July 31, 1941: Göring instructs Heydrich to prepare for Final Solution.

August 26, 1941: The Hungarian Army rounds up 18,000 Jews at Kamenets-Podolsk.

September 3, 1941: The first test use of Zyklon-B gas at Auschwitz.

September 1, 1941: German Jews ordered to wear yellow stars.

September 6, 1941: The Vilna Ghetto is established containing 40,000 Jews.

September 17, 1941: Beginning of general deportation of German Jews.

September 19, 1941: Nazis take Kiev.

September 27/28: 23,000 Jews killed at Kamenets-Podolsk, in the Ukraine.

September 29/30: SS Einsatzgruppen murder 33,771 Jews at Babi Yar near Kiev.

In October: 35,000 Jews from Odessa shot.

October 2, 1941: Beginning of the German Army drive on Moscow.

October 23, 1941: Nazis forbid emigration of Jews from the Reich.

In November: SS Einsatzgruppe B reports a tally of 45,476 Jews killed.

November 24, 1941: Theresienstadt Ghetto is established near Prague, Czechoslovakia. The Nazis will use it as a model ghetto for propaganda purposes.

November 30, 1941: Near Riga, a mass shooting of Latvian and German Jews.

December 7, 1941: Japanese attack United States at Pearl Harbor. The next day the U.S. and Great Britain declare war on Japan.

December 8, 1941: In occupied Poland, near Lodz, Chelmno extermination camp becomes operational. Jews taken there are placed in mobile gas vans and driven to a burial place while carbon monoxide from the engine exhaust is fed into the sealed rear compartment, killing them.

December 11, 1941: Hitler declares war on the United States. President Roosevelt then asks Congress for a declaration of war on Germany saying, “Never

before has there been a greater challenge to life, liberty and civilization.” The U.S.A. then enters the war in Europe and will concentrate nearly 90 percent of its military resources to defeat Hitler.

December 12, 1941: The ship “Struma” leaves Romania for Palestine carrying 769 Jews but is later denied permission by British authorities to allow the passengers to disembark.

December 16, 1941: During a cabinet meeting, Hans Frank, Gauleiter of Poland, states: “Gentlemen, I must ask you to rid yourselves of all feeling of pity.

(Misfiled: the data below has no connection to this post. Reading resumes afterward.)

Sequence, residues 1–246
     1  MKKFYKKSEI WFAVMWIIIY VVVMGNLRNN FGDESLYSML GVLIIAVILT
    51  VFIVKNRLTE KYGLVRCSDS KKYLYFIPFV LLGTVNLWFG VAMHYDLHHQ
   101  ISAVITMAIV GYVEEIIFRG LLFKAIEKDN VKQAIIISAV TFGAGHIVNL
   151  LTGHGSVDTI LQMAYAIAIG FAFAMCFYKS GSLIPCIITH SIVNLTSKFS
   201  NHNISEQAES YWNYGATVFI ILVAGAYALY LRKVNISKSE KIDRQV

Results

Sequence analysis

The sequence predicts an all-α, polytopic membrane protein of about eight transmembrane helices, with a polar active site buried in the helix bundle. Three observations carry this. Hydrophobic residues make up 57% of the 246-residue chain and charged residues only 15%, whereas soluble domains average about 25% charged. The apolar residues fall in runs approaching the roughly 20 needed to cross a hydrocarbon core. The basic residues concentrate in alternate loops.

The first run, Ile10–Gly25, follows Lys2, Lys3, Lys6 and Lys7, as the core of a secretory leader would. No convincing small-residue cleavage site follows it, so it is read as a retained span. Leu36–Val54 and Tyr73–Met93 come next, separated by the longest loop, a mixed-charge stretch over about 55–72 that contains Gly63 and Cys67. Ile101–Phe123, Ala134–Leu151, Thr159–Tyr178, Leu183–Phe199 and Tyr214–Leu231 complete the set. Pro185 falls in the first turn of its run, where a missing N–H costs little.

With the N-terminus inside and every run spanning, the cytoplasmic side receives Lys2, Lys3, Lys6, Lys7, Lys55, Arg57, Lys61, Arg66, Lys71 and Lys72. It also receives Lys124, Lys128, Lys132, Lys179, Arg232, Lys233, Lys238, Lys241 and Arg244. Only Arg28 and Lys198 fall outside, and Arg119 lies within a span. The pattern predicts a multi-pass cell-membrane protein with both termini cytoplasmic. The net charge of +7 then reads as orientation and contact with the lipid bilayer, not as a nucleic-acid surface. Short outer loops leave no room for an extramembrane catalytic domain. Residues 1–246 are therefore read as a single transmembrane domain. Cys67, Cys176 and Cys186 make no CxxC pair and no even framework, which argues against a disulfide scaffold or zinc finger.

We must annihilate the Jews wherever we find them and wherever it is possible in order to maintain there the structure of the Reich as a whole…”

In January: Mass killings of Jews using Zyklon-B begin at Auschwitz-Birkenau in Bunker I in Birkenau with the bodies being buried in mass graves in a nearby meadow.

January 20, 1942: Wannsee Conference to coordinate the “Final Solution.”

January 31, 1942: SS Einsatzgruppe A reports a tally of 229,052 Jews killed.

In March: In occupied Poland, Belzec extermination camp becomes operational. The camp is fitted with permanent gas chambers using carbon monoxide piped in from engines placed outside the chamber.

March 17, 1942: The deportation of Jews from Lublin to Belzec.

March 24, 1942: The start of deportation of Slovak Jews to Auschwitz.

March 28, 1942: Fritz Sauckel named Chief of Manpower to expedite recruitment of slave labor.

March 30, 1942: First trainloads of Jews from Paris arrive at Auschwitz.

April 20, 1942: German Jews are banned from using public transportation.

In May: In occupied Poland, Sobibor extermination camp becomes operational. The camp is fitted with three gas chambers using carbon monoxide piped in from engines, but will later substitute Zyklon-B.

May 18, 1942: The New York Times reports on an inside page that Nazis have machine-gunned over 100,000 Jews in the Baltic states, 100,000 in Poland and twice as many in western Russia.

May 27, 1942: SS leader Heydrich is mortally wounded by Czech Underground agents.

June 1, 1942: Jews in France, Holland, BelgiumCroatia, Slovakia, Romania ordered to wear yellow stars.

June 4, 1942: Heydrich dies of his wounds.

June 5, 1942: SS report 97,000 persons have been “processed” in mobile gas vans.

June 10, 1942: Nazis liquidate Lidice in retaliation for Heydrich’s death.

June 11, 1942: Eichmann meets with representatives from France, Belgium and Holland to coordinate deportation plans for Jews.

June 30, 1942: At Auschwitz, a second gas chamber, Bunker II, is made operational at Birkenau due to the number of Jews arriving.

June 30 and July 2: The New York Times reports via the London Daily Telegraph that over 1,000,000 Jews have already been killed by Nazis.

July 2, 1942: Jews from Berlin sent to Theresienstadt.

July 7, 1942: Himmler grants permission for sterilization experiments at Auschwitz.

July 14, 1942: Beginning of deportation of Dutch Jews to Auschwitz.

July 16/17: 12,887 Jews of Paris are rounded up and sent to Drancy Internment Camp located outside the city. A total of approximately 74,000 Jews, including 11,000 children, will eventually be transported from Drancy to Auschwitz, Majdanek and Sobibor.

July 19, 1942: Himmler orders Operation Reinhard, mass deportations of Jews in Poland to extermination camps.